Derek Self has never stepped foot inside a formal classroom. He has never had to worry about wading through the masses to locate his homeroom or waited in the cafeteria lunch line.
And all this is just fine with Self.
"I've been homeschooled all my life," said Self, 18. "I think it's a blessing for me, actually."
Newsome High School's loss has been Cambridge Christian's gain. Self, who is zoned for the Wolves' district, plays baseball for the Lancers. Self and Cambridge Christian wrapped up the district tournament last week and began play in the 1A region quarterfinals Tuesday.
Self's mother, Luisa, has been his primary teacher throughout his schooling. She handled the all instructing while Self was developing, hammering home the basics.
"She taught me reading, writing, math," he said. "She was able to give me a great foundation."
Self said he uses tutors occasionally now for more advanced coursework, such as Algebra II and chemistry. His mother keeps track of his work, dictates a schedule and is responsible for turning in his tests to the county and state.
"A lot of people think homeschooled kids are just lucky and get to sleep all day," Self said. "That's not at all how it is. In some ways, it's more difficult than regular school."
Regardless of where Self receives his education, he has shined on the baseball diamond. He is 4-0 this season with a 1.35 ERA and 32 strikeouts in 31 innings. Self isn't overpowering on the mound, but he features a nasty curveball and changeup that give his fastball the appearance of a little more zip.
"His off-speed stuff are his main pitches," Lancers coach Rick Shears said. "When he's mixing them up, he's extremely tough."
That was evidenced last month when Self tossed a no-hitter against Shorecrest to help the Lancers capture the Bay Conference Championship. When not on the mound, Self plays centerfield and bats leadoff. He's hitting .415 with six doubles, 15 RBIs and 11 stolen bases.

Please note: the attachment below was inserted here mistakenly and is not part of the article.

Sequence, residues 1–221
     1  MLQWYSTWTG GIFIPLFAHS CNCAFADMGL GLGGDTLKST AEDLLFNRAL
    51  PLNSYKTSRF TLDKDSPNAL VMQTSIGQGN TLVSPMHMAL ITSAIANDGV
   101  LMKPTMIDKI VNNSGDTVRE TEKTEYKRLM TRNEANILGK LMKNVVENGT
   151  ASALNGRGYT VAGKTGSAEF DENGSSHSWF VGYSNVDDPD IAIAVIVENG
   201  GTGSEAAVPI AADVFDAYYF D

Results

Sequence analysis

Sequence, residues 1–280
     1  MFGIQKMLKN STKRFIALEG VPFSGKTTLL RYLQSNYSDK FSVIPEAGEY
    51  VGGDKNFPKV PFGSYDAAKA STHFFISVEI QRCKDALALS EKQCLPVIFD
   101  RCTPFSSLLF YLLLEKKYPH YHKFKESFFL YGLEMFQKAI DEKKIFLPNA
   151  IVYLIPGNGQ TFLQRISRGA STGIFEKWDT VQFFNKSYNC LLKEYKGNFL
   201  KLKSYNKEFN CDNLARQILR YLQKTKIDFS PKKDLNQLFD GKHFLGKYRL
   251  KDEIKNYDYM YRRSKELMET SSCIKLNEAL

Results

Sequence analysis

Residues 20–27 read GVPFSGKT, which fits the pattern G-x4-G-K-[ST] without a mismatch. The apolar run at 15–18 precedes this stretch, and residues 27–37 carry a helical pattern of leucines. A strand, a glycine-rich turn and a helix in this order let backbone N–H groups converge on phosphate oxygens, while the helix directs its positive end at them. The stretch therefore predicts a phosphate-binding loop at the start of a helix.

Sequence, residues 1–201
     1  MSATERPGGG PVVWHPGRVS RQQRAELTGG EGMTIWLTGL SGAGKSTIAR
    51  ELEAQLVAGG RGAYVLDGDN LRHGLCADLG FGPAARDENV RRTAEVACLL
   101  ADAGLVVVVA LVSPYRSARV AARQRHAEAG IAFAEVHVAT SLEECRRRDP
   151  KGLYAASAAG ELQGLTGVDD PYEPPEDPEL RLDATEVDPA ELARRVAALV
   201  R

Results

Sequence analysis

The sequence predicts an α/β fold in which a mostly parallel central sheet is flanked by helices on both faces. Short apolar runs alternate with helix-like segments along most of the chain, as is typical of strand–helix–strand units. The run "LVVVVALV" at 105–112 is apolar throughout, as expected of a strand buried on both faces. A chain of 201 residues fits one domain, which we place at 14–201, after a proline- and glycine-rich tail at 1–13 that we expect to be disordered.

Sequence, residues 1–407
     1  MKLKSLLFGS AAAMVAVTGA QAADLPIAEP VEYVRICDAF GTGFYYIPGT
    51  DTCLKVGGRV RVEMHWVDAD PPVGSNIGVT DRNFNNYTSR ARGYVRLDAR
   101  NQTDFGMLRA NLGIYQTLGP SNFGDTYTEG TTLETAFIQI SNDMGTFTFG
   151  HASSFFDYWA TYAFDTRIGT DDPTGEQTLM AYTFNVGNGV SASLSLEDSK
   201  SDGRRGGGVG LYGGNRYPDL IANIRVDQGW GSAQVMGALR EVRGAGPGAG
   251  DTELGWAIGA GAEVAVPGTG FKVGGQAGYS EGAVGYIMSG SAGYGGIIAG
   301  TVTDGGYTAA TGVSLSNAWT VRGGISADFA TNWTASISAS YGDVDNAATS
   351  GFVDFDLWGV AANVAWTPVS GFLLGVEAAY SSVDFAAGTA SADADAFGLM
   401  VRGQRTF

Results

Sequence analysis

"He makes our offense go," Shears said. "When he gets on, he can use his speed and set up the big boys down the order."
Self will head to Webber International University next season on a baseball scholarship and will get a chance to pitch and play the field. He said his homeschooling experience has prepared him well for the challenge.
"I think it will help because I already know how to work and study on my own and how to allot time," Self said. "I know it will be tough too, but I think I am a step ahead of most people in that regard."
As for the rest of this year, Self has plenty to anticipate. He's part of a talented Lancers' pitching staff that includes college-bound Peter Miller (FSU), Matt Fishman (Quincy University) and Logan McDougall (Union University). That type of depth has the Lancers thinking that a return to the 1A state championship is well within reach — Cambridge has lost in the last two state finals.
"We played a much tougher schedule this year, and I think that has helped us prepare," Self said. "We're ready."
Brandon Wright can be reached at [email protected]